Work, Leadership, and Grace

Since leaving my previous job, I have had much more time and opportunity to write. I feel so much better about what I’m doing. Although my income may only come from my adjunct teaching positions, I definitely feel like I am working; I feel busy. For the first time in months, I am happy with my work.

I’ve had the chance to write things I enjoy writing, to pour myself into what I write, and to truly believe in what I’m working on. I’ve begun a short story series—Part 1 and Part 2 of which can be found here–which has given me the chance to experiment with my writing. I’ve actually started working on my memoir, which is something I never thought I’d do.

About two months ago, I submitted an article for the Virginia Maryland Washington D.C. Dog Magazine. The article was on how Belle helps me navigate and cope with my anxiety and depressive symptoms and episodes. This month, that article was officially published in the magazine.

Some of my writing assignments have been articles for the web portion of a local women’s professional and lifestyle magazine. The past week I have been working on two articles that highlight women in powerful positions in their profession—the Superintendent for the National Fire Academy, who is also the first female to hold her position, and the President/CEO of a county hospital in a neighboring area. Interviewing these two women has given me particular insight into leadership.

In my previous experience of having a direct supervisor (outside of academia that is), the supervisor acted more as a manager than a leader. I felt I was intensely and unfairly criticized. I was inadvertently told I could not be trusted to do my job. Because of the treatment I endured, I stopped trusting my own abilities, and it became a cycle.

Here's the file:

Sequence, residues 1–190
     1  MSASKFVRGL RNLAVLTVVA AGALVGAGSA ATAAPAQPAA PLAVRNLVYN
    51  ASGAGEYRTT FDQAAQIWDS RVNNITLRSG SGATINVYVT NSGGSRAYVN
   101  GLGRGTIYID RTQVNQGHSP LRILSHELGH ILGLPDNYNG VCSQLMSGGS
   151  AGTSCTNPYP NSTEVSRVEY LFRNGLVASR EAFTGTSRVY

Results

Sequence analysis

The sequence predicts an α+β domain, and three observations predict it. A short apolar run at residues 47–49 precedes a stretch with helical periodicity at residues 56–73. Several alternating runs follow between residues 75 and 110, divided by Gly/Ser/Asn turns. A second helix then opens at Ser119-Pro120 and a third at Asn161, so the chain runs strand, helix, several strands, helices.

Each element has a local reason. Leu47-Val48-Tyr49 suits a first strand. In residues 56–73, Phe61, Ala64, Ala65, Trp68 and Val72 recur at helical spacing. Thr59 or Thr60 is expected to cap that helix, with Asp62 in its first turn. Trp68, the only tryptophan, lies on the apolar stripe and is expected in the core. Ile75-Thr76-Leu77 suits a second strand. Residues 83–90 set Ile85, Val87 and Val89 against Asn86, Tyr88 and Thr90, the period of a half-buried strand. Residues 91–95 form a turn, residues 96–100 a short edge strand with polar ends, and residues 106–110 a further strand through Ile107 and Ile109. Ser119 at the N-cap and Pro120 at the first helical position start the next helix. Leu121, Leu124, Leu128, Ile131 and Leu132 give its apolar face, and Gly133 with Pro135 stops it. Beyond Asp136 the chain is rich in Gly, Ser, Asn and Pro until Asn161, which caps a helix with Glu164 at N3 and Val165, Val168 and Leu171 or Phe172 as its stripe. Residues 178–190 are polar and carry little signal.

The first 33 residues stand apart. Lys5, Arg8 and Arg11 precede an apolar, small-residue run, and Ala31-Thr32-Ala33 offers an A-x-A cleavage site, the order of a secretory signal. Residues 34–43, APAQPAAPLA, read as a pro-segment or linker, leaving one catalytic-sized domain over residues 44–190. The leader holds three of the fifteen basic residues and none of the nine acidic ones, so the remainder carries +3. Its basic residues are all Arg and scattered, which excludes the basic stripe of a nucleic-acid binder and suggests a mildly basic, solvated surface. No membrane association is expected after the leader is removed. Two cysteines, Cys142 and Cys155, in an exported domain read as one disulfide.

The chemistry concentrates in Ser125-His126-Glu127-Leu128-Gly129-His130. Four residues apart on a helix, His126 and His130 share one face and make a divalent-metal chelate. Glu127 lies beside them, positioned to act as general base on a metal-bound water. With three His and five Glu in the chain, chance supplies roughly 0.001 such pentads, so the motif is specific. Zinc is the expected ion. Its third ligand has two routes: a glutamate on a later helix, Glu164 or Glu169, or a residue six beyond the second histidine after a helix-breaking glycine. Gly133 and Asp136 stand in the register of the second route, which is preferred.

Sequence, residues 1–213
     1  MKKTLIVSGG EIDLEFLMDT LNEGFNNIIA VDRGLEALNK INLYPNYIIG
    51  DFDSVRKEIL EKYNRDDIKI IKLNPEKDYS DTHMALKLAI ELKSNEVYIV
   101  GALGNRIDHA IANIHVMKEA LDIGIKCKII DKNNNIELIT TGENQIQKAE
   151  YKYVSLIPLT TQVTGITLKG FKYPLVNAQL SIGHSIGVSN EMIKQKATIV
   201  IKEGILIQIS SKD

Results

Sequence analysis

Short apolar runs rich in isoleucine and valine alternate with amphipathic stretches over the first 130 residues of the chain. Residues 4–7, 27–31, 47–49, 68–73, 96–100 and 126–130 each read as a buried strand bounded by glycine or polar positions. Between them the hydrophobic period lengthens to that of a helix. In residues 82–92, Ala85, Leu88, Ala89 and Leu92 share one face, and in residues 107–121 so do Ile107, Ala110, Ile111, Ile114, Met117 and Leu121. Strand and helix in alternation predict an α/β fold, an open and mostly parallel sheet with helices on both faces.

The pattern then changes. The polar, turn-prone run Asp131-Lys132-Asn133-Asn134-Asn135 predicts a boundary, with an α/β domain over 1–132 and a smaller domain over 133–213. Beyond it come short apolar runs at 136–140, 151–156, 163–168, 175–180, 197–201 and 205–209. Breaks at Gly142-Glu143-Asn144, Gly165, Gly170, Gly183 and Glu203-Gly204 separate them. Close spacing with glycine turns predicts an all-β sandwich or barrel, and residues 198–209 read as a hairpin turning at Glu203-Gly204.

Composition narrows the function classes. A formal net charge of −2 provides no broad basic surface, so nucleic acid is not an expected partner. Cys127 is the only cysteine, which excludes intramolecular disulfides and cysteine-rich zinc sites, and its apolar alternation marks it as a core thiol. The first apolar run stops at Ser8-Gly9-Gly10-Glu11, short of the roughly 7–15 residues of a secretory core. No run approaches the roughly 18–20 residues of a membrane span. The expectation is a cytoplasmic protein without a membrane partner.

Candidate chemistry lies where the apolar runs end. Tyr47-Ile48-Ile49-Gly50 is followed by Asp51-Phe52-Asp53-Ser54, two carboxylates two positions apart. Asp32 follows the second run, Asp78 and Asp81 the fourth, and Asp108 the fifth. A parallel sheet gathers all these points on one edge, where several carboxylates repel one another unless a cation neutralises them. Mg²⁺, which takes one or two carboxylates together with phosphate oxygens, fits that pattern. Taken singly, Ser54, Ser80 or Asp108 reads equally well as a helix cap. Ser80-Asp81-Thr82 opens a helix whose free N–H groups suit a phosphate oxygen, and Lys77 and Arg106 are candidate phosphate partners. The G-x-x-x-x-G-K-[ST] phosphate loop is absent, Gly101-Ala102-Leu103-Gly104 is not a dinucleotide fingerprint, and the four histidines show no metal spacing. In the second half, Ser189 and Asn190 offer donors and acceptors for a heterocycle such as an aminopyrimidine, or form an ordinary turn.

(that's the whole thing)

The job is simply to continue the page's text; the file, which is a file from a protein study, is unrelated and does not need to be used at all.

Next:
In interviewing these women, I was taken back to my negative experience. Not because they mirrored that experience, but because they were so different. While each woman had her own way of responding to the interview questions, the themes were similar: community, “do not forget where you come from,” mentorship, and leading—not managing—your workforce. I couldn’t help but reflect. Here, I thought, are supervisors who know how to be leaders.

One of the things I took from these interviews was the concept of leading by example and learning through mistakes. These women don’t just tell others what to do or how to do it. They show their employees—through previous experience, commitment, and communication. I wondered if my experience at my previous job—personal situation aside—would have been better if my supervisor had exhibited different behavior.

. . . . . .

I teach about leadership in the Small Group Communication course I instruct, so I’m familiar with leadership from a theory and academic standpoint, but also from positive and negative personal experience. There’s one ultimate leader example, though, that I always think of but is usually frowned upon to discuss in academics: Jesus.

Jesus is the ultimate portrayal of leading by example and learning through mistakes. He tells his disciples and the people what they are to do, but He also shows them. He shows genuine love and compassion for others. He shows the people how to have faith. He also shows plenty of forgiveness to those who have strayed.

I found it interesting that as I was working on this piece we started a new series at church: “Jesus Is ____”. I had a plan for this particular post, but today’s sermon changed that, and, actually, it’s more connected than I thought.